This assessment explores local water security in two very different sites in rural Ethiopia – a pastoral district in the eastern Somali region (Shinile), and a somewhat remote agricultural district in the south (Konso). The following questions were addressed using a combination of field research and analysis of available secondary data and literature:
- What are the physical, social, economic and political drivers of water insecurity in different locations in Ethiopia?
- How have different communities responded to situations of water stress?
- What should be the public policy and institutional priorities to improve resilience to water stress at a local level, and reduce the negative impacts on communities?
People respond to this pressure, where they can, by diversifying livelihoods or migrating to more promising areas. Both of these responses may be temporary or permanent, and may be either a planned accumulation strategy or a survival response.
Livelihoods are thus highly dynamic over time in both of the districts studied. Some new activities are non water-dependent – such as wage labour – while in other cases people are exploiting previously untapped water availability to increase irrigation.
Survival-type diversification may involve further degradation of the natural environment, for example firewood sales and charcoal production contribute to deforestation. In the first sections of this report, these pressures on livelihoods and household-level responses are discussed in detail.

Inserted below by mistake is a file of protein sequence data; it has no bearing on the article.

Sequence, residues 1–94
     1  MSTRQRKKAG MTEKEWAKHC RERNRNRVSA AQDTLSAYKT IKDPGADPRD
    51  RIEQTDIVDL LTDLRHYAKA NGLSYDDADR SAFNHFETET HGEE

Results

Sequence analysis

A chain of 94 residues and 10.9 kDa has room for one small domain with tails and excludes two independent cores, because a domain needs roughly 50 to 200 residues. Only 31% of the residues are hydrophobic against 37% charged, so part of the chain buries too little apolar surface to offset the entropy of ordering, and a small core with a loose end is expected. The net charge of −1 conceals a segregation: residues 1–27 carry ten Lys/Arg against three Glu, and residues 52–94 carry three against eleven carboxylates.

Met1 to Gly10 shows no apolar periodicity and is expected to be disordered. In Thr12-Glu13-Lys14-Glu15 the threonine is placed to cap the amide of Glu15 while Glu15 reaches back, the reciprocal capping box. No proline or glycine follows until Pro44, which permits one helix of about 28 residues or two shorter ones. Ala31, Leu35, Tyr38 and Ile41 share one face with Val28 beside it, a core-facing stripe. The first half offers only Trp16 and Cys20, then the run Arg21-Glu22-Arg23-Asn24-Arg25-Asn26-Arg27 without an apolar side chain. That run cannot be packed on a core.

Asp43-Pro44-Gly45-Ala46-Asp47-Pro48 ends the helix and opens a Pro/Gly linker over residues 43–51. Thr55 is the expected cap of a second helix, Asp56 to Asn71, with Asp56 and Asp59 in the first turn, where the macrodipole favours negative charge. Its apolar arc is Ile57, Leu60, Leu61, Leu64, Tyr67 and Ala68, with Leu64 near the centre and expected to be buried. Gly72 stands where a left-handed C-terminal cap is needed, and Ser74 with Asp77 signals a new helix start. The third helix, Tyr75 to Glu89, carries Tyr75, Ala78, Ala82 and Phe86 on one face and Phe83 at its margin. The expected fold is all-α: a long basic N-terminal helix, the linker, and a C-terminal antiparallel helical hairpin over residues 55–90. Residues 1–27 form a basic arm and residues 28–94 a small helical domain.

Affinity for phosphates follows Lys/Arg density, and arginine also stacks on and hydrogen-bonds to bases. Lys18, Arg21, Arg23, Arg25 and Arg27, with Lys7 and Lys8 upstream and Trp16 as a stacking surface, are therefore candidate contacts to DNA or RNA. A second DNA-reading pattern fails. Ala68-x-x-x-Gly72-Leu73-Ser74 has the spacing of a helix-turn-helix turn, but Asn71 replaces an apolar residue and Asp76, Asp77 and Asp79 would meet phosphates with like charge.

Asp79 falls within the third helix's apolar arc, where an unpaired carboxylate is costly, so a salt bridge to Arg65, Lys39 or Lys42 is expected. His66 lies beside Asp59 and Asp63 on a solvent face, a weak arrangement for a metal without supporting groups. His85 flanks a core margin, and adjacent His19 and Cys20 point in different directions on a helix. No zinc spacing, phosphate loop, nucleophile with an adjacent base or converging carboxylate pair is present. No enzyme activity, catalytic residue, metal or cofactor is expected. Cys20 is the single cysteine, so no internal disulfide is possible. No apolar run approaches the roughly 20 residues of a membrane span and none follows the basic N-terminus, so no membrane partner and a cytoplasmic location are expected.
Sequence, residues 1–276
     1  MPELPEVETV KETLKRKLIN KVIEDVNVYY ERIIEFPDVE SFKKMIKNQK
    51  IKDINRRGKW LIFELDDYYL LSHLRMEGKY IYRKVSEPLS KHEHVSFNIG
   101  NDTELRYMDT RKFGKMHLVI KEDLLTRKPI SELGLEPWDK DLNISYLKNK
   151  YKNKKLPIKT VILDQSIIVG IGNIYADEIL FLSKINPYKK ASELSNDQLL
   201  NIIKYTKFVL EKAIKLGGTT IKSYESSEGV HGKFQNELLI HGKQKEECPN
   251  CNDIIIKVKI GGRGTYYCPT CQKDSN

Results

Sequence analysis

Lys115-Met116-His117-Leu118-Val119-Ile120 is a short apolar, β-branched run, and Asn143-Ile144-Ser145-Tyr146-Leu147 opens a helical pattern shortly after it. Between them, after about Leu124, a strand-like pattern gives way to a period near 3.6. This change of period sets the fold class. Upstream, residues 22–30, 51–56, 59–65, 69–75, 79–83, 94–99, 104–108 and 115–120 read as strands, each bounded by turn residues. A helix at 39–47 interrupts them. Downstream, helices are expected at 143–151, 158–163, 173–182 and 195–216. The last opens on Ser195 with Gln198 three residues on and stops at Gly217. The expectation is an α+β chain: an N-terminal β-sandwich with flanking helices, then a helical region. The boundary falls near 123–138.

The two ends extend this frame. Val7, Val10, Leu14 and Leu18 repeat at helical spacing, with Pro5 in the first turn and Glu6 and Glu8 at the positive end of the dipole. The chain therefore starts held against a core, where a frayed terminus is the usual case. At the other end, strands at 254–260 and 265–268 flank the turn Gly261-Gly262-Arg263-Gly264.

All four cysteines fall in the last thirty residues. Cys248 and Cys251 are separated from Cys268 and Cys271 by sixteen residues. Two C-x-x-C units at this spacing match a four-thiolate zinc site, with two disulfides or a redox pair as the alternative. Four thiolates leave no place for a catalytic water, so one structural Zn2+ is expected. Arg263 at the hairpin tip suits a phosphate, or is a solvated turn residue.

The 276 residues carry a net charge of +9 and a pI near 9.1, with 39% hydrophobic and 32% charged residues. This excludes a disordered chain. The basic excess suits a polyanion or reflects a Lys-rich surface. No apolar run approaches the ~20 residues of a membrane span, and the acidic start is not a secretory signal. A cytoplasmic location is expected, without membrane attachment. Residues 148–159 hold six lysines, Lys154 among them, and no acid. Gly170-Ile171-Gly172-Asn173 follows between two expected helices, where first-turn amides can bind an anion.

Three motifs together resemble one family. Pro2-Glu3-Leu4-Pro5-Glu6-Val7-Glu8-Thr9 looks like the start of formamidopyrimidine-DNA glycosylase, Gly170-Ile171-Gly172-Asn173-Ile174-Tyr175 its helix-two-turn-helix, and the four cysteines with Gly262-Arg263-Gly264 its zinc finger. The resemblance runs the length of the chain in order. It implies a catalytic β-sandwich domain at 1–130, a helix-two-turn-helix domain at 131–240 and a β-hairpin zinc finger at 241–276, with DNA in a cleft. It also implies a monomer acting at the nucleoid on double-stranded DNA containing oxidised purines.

This is followed by an examination of government responses at local and national level, and discussion of possible ways forward.
It emerges that local government is highly constrained in terms of its ability to respond to the complex water security situation in an integrated, livelihoods-based fashion. National policy makes some interesting and ambitious proposals, and is increasingly paying attention to ensuring the sustainability of water schemes and exploring possibilities to better support households’ own water investments by enabling and regulating self-supply.
Outstanding gaps include linkage of water service provision with resource management for buffering of groundwater supply, and greater clarity on the various water- and livelihood-related thresholds of water security which would inform more locally-responsive planning and drought response.